Finally, let's consider a silly and pedestrian example to show that if God exists, it must be necessarily. Suppose I say to you, "There is a blue ball that exists in every possible world." This means every metaphysically possible world contains this ball; it does not contain just any blue ball, but the same blue ball which we are thinking of. Well then suppose we discover a possible world that does not contain this blue ball. "No problem," you say. "We just amend that ball's existence to match the facts." Not so fast. For what we have construed is a necessarily-existent ball, but it remains in whatever worlds we do in fact find this ball, it is not necessarily existent, so that we do not find this blue ball at all, but rather some other blue ball (remember MGB and MGB2). It also follows there just is no possible world where it is true that the necessarily-existent blue ball exists; which is to say it is necessarily false that such a blue ball exists; which is to say it is impossible such a blue ball exists! See the correlation? If God is construed as necessary (and there are good reasons to think so [cf. MUE and MGB]), then his existence is either necessary or impossible!

Think of the burden placed on the objector. No longer can he remain in agnosticism; he must either formulate an argument to show God's existence is impossible or else concede God does, in fact, exist. Of course, your atheist friend may at any point bite the bullet (in any case many do) and admit he cannot prove God's existence to be impossible. Yet he may then claim that neither have you shown God's existence to be possible. Well that seems to be not too difficult or very difficult, depending on the goal. If your goal is to make anyone who wishes to remain agnostic about the metaphysical possibility of God's existence to be hopelessly mired in irrationality—that will be somewhat difficult. If you wish to show that people who would accept the argument (skeptics included) are being quite rational and are justified in doing so—that will be relatively easy.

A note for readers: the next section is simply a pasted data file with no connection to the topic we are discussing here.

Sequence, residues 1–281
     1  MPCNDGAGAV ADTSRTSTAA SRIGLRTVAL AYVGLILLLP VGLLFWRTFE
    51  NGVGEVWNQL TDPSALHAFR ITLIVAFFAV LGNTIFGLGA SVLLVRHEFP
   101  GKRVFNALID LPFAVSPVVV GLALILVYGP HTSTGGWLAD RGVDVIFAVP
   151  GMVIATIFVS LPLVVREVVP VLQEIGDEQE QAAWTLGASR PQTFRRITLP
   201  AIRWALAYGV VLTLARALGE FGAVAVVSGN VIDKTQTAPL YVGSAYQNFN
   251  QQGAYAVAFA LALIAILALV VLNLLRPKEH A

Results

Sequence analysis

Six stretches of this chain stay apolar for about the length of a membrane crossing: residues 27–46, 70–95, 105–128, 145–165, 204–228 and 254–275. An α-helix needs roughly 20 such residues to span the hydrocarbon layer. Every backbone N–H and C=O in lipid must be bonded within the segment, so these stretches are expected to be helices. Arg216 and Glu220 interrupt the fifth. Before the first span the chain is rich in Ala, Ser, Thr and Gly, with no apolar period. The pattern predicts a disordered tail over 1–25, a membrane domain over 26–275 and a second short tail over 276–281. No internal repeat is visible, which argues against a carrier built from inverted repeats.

Metaphysical possibility involves showing logical coherence (that is, a lack of self-contradiction). But this isn't quite good enough for metaphysical possibility all by itself, for there is no logical conflict in stating "Randy is the number 45." There are, however, no possible worlds in which "Randy is the number 45" is true, so that it is actually necessarily false that "Randy is the number 45" is true. This brings us to the next criterion: there must be no necessary truths which entail the proposition's falsehood. The objector might claim we must do an inductive search and know all necessary truths, but that doesn't seem to be the case (we can adjudicate matters of metaphysics without knowing this). All that follows is that in the presence of a necessary truth that entails our premise's falsehood, we recognize it would constitute a defeater of said premise if the necessary truth is in fact true. Nor is it the case we must know all of the properties of the MGB before we pronounce a decision. We can appeal to rational, modal, intuitions (again, in the absence of defeaters) to support the claim it seems there really could be a being who is omnipotent, omnibenevolent, omniscient, and so on. I hope that helped!